“There is a much younger demographic of boaters than we have in other places,” said Matthew Symonds, national boating manager at the Canal & River Trust, which manages the canal network. “It’s more affordable, if you don’t mind living in a slightly smaller space.”

An annual continuous cruising license costs about a 1,000 pounds for a typical 60-foot narrowboat. The trust estimated in 2018 that the number of boats in London could increase by more a third, or almost 1,700, by 2022. The group expects as much as 70% of those to be continuous cruisers.

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Symonds is leading the Canal & River Trust’s new mooring strategy that if implemented would add 1,800 meters of long-term mooring, or about 100 new spaces, and improve the network of temporary berths. Maintenance of the aging system is a constant challenge for the trust.

The bulk of the network was developed in the 18th century to link the manufacturing heartland with London, and the canals were crucial to the U.K.’s rise as an industrial power. Expanding train and road transport eventually made the network obsolete, and it fell into a long period of neglect and disrepair. Restoration in the 1970s for leisure purposes helped expand canal living as rising property prices made narrowboats a cheaper and bucolic alternative to city life.

Boaters are free to roam the entire 2,000-mile national canal system, which stretches to Manchester and Leeds in the north. A trip that far would take about four weeks, given that the boats don’t move much faster than someone walking along the waterway.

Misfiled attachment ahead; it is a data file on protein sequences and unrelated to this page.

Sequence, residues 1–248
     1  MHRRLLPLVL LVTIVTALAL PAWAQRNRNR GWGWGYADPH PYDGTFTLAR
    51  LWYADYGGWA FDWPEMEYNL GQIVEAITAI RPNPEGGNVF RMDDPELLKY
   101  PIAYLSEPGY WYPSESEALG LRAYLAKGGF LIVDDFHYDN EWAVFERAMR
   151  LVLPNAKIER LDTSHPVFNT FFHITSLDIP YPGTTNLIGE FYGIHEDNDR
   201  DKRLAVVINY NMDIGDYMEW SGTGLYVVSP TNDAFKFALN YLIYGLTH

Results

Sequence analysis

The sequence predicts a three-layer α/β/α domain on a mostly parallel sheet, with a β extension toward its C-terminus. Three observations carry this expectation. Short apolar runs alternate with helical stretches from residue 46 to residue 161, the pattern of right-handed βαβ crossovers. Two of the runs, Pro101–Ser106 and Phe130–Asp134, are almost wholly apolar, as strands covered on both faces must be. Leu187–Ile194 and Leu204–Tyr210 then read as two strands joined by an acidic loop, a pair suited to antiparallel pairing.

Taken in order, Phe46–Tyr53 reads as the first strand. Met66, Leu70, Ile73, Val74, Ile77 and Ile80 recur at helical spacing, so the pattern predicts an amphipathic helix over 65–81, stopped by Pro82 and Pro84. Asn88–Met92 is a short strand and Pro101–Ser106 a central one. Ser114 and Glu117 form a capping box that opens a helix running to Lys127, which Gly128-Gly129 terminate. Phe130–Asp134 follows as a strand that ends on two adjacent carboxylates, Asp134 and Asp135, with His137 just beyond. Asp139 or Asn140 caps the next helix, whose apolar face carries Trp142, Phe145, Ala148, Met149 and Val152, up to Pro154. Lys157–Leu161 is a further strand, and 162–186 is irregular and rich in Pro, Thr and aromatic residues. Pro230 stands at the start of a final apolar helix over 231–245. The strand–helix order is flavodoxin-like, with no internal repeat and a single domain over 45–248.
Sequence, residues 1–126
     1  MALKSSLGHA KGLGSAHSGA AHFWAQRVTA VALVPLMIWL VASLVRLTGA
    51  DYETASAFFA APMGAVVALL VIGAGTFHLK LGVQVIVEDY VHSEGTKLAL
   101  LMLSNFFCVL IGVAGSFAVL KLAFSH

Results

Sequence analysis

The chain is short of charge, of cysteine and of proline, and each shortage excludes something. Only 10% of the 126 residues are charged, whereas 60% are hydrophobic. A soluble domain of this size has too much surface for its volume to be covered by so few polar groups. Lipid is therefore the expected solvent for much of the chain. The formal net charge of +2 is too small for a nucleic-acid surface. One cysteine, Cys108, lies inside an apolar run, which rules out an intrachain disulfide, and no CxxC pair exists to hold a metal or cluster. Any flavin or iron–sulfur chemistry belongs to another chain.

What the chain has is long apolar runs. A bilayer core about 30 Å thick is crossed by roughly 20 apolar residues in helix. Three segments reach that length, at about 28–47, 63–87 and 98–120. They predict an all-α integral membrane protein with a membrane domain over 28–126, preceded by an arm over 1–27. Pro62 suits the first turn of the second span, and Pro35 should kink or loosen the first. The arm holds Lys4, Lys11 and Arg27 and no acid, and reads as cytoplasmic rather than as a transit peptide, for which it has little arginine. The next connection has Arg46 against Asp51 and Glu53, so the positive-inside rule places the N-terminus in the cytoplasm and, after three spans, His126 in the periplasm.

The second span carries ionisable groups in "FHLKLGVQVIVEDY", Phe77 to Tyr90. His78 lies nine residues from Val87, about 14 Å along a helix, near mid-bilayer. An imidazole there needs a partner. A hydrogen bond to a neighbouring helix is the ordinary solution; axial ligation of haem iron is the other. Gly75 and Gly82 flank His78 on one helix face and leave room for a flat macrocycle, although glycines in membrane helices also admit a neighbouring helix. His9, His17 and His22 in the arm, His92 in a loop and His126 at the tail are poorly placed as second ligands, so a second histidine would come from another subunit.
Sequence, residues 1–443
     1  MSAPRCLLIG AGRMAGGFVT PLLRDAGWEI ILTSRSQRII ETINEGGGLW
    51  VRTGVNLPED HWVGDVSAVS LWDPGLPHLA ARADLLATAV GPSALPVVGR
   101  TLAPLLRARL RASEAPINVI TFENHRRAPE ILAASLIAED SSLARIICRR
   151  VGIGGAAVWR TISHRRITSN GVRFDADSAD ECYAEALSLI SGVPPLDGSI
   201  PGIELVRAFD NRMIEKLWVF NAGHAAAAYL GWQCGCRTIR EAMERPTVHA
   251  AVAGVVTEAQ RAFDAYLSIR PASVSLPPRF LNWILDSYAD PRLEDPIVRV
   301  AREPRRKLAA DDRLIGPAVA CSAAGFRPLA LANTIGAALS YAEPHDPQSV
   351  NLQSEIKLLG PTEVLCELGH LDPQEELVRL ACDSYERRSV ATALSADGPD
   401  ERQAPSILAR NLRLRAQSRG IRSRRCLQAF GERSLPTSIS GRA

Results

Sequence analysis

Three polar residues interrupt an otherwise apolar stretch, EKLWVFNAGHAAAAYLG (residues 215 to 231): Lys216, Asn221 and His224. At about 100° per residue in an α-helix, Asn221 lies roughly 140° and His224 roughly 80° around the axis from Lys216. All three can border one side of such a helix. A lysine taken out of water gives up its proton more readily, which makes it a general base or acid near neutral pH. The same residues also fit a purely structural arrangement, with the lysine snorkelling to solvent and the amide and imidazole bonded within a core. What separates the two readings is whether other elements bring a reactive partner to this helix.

The River Thames isn’t part of the network, but also allows for water living with much more space and comfort than on the narrow canals. Mike Leitch got hooked on the lifestyle after keeping a narrowboat in a gritty industrial area of West London for weekend getaways while working in Germany as European Director of Piab Group, an automation and robotics company.

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Mike Leitch in his motorcycle workshop on board his barge in Battersea. Photographer: Andrew Davis/Bloomberg

“It was an industrial area, but if you are looking down and up the canal from the boat, it was just stunning,” he said. “There were beautiful sunrises and sunsets and the swans are there. You could imagine you were living in paradise.”

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Upon his permanent return to London in 2016, he wanted to be back on the water but he had something a bit grander in mind. He bought a 120-foot, 100-ton barge in the Netherlands and sailed it across the English Channel and up the Thames. He now moors in Battersea, where the berth alone cost as much as a small apartment — about 500,000 pounds. The vessel has an eat-in kitchen, two bedrooms, a spacious living room and a retractable sunroof. There’s even a motorcycle workshop where Leitch has enough space to tinker on several bikes at a time.

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Mike Leitch’s barge moored in Battersea. Photographer: Andrew Davis/Bloomberg

Life on the Thames with ferries plying the river and a heliport nearby is not as peaceful as the canals, but Leitch still loves being on the water.

“Every time I walk down the pier, I say to myself, you’re a lucky guy,” he said.

 

 

Credit: Bloomberg